From time to time I run across a really bad ad that I cannot help but to comment upon. The following banner ad appeared on MySpace. At first blush, it’s readable. Look again and it’s filled with spelling errors, spacing problems and more! Chances are high that you did not notice the errors at first.
Click on the ad for a larger view
The phaonmneal pweor of the hmuan mnid, aoccdrnig to a rscheearch at Cmabrigde Uinervtisy, it dseno't mtaetr in waht oerdr the ltteres in a wrod are, the olny iproamtnt tihng is taht the frsit and lsat ltteer be in the rghit pclae. The rset can be a taotl mses and you can sitll raed it whotuit a pboerlm. Tihs is bcuseae the huamn mnid deos not raed ervey lteter by istlef, but the wrod as a wlohe.
Sometimes it misses words entirely …
Count the number of “F”s in the following text:
FINISHED FILES ARE THE
RESULT OF YEARS OF SCIENTIFIC
STUDY COMBINED WITH
THE EXPERIENCE OF YEARS
How many did you count? The answer is at the bottom of this blog post.
Finally, here’s a clever ad on a Guiness coaster that you might need to be a bit drunk to read. It will be reflected in the glass when it’s full.
The answer is six.
There is no question that ad money is now chasing consumers who have turned to the Net over traditional media. This past year has seen a spate of acquisitions by Google, AOL, Microsoft as well as agency holding companies. WPP, for example, appears to be gobbling up interactive/digital shops at a fast pace. The independent digital shop is fast going the way of the dinosaur.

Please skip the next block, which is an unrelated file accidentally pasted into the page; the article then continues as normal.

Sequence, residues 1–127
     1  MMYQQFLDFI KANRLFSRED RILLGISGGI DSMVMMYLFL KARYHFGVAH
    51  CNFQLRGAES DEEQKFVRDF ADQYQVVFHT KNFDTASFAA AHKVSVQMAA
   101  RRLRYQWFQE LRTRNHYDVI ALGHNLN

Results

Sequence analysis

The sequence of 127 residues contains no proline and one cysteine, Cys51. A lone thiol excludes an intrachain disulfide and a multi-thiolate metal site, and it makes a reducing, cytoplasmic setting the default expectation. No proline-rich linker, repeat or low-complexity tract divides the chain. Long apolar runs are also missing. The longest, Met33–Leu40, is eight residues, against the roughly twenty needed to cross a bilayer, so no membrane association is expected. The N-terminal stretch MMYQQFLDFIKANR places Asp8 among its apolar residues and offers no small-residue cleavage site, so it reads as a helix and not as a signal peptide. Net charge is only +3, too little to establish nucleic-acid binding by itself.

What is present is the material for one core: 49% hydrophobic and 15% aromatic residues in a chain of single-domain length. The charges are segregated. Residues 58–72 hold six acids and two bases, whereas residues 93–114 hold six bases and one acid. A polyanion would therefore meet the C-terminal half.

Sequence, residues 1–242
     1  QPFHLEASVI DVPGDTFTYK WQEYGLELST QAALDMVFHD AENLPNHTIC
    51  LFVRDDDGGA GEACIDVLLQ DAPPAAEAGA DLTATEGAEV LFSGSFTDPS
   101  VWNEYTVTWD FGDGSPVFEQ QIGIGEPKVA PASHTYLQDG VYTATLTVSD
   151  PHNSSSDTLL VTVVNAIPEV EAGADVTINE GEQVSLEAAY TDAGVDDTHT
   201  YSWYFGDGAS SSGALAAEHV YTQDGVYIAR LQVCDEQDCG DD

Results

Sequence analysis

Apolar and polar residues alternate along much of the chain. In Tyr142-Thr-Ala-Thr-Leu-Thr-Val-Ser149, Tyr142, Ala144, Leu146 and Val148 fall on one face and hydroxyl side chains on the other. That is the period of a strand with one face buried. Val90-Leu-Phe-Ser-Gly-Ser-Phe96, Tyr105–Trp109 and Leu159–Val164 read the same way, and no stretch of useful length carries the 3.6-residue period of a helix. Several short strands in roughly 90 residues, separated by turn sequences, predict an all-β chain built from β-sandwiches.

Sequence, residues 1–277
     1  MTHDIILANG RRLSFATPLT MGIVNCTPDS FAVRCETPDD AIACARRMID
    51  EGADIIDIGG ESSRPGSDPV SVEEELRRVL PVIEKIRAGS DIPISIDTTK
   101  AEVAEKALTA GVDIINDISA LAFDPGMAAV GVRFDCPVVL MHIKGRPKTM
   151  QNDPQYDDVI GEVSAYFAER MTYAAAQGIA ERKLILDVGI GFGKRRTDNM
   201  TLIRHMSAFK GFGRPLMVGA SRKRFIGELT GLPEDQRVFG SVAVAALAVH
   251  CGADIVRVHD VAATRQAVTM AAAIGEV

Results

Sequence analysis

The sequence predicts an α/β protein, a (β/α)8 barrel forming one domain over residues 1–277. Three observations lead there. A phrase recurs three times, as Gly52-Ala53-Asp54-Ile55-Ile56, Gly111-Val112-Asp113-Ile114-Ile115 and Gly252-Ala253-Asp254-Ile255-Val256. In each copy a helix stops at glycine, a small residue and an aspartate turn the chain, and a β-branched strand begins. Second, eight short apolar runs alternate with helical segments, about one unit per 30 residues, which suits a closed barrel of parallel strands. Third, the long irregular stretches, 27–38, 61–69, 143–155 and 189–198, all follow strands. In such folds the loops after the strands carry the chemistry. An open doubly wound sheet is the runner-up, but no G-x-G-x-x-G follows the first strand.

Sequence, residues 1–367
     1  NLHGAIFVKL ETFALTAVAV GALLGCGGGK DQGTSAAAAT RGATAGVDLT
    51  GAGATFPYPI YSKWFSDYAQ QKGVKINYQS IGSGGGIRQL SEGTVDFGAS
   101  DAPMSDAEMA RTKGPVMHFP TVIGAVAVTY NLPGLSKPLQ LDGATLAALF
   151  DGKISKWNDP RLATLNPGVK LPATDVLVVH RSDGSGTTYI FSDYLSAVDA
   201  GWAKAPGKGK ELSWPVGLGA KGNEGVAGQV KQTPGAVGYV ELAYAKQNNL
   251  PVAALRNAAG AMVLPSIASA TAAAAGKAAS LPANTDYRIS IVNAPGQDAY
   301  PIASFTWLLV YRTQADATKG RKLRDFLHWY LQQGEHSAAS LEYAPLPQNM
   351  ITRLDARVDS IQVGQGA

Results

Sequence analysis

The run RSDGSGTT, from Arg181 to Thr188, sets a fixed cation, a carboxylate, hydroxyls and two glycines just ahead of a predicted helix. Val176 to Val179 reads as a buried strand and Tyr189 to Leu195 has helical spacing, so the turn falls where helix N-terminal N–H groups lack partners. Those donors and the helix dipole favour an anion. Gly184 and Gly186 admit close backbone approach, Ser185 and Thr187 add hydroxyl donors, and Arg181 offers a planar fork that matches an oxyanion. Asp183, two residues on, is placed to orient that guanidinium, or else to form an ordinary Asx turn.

Add to this mini-frenzy the desperation of old-line media companies worried that their businesses are losing traction, moving quickly forward to absorb high traffic content sites …. blogs, social networks, wireless and niche initiatives, often without a roadmap, and you have the ingredients for runaway valuations in these subcategory companies.
Some of the valuations are running away with themselves. Facebook valued at $16 Billion having yet to find a business model that works!? Google with a “conservative” market cap ($224 Billion) almost seven times that of Yahoo!
It appears many of these subcategory valuations have been ramping up to the late 90’s levels. Underperformance by companies like Facebook or MySpace will likely happen. When it does, history will repeat with a significant correction.
In reality, MIT, committed to advancing education and discovery through knowledge open to everyone, allows open access to its course curriculums under an initiative they are calling OPENCOURSEWARE (OCW).
There are no requirements and the courses, over 1800 of them spanning MIT’s entire curriculum along with thousands of course notes and assignments, are free to all.
Of particular interest to my readers are the offerings under the Sloan School of Management.
This dream and amazing gift has been in the works since 2001, launched with just 50 courses and accessed by over 35 million individuals worldwide. MIT expects to add 200 additional courses in 2008. Materials are published under an open license that encourages reuse, redistribution and modification for non-commercial purposes.
As for me, I’m off to the Global Entreprenuership Lab.